Perioperative Medicine

Speck et al. Perioperative Medicine 2012, 1:5


Open Access

Strategies to promote reporting of Surgical Care Improvement Project (SCIP) measures: a pilot survey of anesthesia department leaders Rebecca M Speck1,2, Mark D Neuman1, Andrew R Bond3 and Lee A Fleisher1*

Abstract Background: The Surgical Care Improvement Project (SCIP) is a quality improvement initiative focused on reducing surgical complications. Reporting SCIP performance measures helps determine whether hospitals receive the full payment update from the Centers for Medicare and Medicaid Services. Strategies in use by hospitals to motivate departmental participation in SCIP reporting are poorly understood. Methods: A 12-item pilot survey exploring strategies to promote reporting of SCIP measures was developed and mailed to department of anesthesiology chairs at 1,426 US hospitals. Descriptive statistics and χ2 analysis were used to summarize respondent and survey data. Results: In all, 29.5% of the sample responded to the survey, with 96.9% indicating SCIP participation; 62.5% participated primarily for voluntary reasons, and 4.2% reported an incentive from their hospital as the primary reason for participation. Conclusions: Hospital strategies promoting physician participation in SCIP currently vary. A minority of survey respondents indicated that an incentive was used to encourage adherence to SCIP measures. Further research to optimize such strategies may support future efforts to improve perioperative care. Keywords: Performance measures, Surgical Care Improvement Project

Background In recent years, the use of financial incentives to drive improvements in the quality of health care has garnered significant attention in the US and abroad [1-3]. The Surgical Care Improvement Project (SCIP), initiated on 1 July 2006 [4], provides a mechanism for hospitals to receive financial incentives for efforts to reduce surgical complications, such as surgical site infections, perioperative myocardial infarction, and venous thromboembolism, through improved processes of perioperative care [5]. Current SCIP measures relate to the appropriate use of preoperative antibiotics (selection, timing, and discontinuation), routine venous thromboembolism prophylaxis (ordering and administration), appropriate hair removal practices, perioperative use of beta* Correspondence: [email protected] 1 Department of Anesthesiology and Critical Care, University of Pennsylvania, 3400 Spruce Street, Philadelphia, PA 19104, USA Full list of author information is available at the end of the article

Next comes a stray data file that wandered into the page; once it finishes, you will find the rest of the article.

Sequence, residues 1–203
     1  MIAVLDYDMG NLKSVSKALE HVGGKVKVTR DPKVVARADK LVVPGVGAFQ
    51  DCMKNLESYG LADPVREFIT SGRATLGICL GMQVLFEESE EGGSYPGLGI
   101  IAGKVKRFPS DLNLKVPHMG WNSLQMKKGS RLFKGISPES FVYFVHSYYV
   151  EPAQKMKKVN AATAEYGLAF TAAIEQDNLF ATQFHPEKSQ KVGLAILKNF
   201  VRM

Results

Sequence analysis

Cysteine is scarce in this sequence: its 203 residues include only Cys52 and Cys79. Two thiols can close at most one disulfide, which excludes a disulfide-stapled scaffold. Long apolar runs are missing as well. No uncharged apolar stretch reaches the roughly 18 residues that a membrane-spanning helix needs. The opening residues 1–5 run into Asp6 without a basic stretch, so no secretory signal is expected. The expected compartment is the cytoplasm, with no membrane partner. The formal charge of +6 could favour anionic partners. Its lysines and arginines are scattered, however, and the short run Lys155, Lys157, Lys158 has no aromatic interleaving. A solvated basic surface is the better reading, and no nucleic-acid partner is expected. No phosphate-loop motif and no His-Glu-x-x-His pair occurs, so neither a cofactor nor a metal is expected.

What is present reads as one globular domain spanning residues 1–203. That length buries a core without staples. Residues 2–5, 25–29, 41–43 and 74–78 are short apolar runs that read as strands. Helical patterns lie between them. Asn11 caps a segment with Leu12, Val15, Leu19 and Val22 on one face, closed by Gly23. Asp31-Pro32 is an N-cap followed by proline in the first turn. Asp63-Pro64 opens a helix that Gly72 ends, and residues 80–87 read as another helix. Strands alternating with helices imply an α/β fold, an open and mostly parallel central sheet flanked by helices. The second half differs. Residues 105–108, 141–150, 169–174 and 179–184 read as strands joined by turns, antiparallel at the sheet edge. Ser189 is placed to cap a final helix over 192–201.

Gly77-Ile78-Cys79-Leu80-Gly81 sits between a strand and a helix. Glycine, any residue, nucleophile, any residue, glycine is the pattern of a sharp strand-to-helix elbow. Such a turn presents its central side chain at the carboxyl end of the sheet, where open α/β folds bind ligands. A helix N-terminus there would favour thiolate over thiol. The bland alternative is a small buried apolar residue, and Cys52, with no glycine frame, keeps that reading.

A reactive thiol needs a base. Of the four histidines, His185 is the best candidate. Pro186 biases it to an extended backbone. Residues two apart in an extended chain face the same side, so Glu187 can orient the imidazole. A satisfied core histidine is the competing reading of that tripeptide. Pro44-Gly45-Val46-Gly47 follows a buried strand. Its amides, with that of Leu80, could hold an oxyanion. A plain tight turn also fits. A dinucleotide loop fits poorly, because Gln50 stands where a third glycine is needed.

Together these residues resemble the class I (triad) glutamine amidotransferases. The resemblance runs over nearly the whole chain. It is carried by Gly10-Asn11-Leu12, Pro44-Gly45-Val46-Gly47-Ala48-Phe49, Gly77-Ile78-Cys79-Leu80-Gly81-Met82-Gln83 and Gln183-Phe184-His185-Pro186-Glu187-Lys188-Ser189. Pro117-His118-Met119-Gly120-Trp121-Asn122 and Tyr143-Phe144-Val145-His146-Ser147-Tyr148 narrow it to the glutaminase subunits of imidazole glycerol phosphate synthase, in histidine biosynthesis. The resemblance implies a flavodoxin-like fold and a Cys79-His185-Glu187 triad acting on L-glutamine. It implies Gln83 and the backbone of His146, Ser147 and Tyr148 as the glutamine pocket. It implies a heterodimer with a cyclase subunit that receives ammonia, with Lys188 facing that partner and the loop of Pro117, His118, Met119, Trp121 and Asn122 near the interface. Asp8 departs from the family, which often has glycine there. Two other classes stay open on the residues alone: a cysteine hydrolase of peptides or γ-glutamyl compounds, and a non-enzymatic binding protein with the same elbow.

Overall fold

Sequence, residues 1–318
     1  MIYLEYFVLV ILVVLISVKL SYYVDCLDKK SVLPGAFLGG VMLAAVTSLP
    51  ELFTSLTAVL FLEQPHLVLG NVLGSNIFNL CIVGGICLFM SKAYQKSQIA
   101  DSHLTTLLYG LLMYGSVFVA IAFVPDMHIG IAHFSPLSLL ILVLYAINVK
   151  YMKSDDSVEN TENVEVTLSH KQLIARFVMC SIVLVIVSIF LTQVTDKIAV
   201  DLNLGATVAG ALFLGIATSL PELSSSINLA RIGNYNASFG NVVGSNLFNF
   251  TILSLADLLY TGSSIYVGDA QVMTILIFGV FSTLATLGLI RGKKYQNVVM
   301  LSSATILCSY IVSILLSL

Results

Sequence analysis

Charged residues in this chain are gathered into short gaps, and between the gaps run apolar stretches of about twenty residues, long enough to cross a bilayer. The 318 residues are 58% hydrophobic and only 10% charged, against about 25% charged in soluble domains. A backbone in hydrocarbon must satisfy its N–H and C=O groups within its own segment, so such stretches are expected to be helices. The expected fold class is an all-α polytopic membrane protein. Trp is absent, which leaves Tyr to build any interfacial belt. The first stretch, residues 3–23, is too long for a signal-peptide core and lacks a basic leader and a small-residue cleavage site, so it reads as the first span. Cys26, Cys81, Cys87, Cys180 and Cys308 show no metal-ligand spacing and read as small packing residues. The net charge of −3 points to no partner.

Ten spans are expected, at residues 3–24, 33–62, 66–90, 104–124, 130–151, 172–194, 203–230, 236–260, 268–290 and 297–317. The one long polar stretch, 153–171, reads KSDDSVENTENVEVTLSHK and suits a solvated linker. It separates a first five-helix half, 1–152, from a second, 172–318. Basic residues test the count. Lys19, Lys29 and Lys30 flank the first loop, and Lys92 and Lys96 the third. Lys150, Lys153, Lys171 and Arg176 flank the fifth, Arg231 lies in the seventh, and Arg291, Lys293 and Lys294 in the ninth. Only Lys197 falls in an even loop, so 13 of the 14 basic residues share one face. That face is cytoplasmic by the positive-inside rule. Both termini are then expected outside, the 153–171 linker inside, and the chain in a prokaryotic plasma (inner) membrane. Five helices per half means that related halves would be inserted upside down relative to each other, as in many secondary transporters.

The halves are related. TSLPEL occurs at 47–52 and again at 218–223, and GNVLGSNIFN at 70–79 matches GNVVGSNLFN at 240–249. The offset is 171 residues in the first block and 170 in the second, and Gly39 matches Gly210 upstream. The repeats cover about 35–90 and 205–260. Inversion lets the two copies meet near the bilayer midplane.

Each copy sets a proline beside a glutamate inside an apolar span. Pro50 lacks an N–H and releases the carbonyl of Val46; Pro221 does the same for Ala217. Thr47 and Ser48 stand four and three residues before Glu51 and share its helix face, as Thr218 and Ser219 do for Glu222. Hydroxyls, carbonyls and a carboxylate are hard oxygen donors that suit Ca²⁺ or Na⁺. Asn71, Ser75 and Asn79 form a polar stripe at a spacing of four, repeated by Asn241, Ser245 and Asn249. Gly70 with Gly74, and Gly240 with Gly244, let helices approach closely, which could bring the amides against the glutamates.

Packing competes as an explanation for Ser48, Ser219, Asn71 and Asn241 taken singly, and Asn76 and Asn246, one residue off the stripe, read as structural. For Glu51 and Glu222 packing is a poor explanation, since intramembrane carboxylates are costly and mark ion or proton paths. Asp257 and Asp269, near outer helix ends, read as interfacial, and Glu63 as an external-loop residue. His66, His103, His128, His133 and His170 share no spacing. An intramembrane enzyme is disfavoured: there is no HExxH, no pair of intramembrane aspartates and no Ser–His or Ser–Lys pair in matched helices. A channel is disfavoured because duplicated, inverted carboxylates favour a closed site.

blockers, and perioperative normothermia and normoglycemia in selected patients. Medicare payment rules create financial incentives for hospitals to report data on SCIP measures, as hospitals that do not submit data on selected measures are subject to Medicare reimbursement reduction [6]. Per the Deficit Reduction Act of 2005, a payment reduction of 2.0 percentage points is implemented for hospitals that fail to report successfully [7]. According to the Centers for Medicare and Medicaid Services (CMS), as of March 2009, nearly 3,700 hospitals reported performance of SCIP measures [8], with only 30 general acute-care hospitals nationwide abstaining from collection and reporting of such data [9]. Of participating facilities, 97% have received the full annual payment incentive from Medicare each year [7]. Despite high rates of participation in SCIP, little is known regarding the mechanisms hospitals may employ to promote physician participation in reporting. Multiple potential strategies exist for a hospital to encourage

© 2012 Speck et al.; licensee BioMed Central Ltd. This is an Open Access article distributed under the terms of the Creative Commons Attribution License (, which permits unrestricted use, distribution, and reproduction in any medium, provided the original work is properly cited.

Speck et al. Perioperative Medicine 2012, 1:5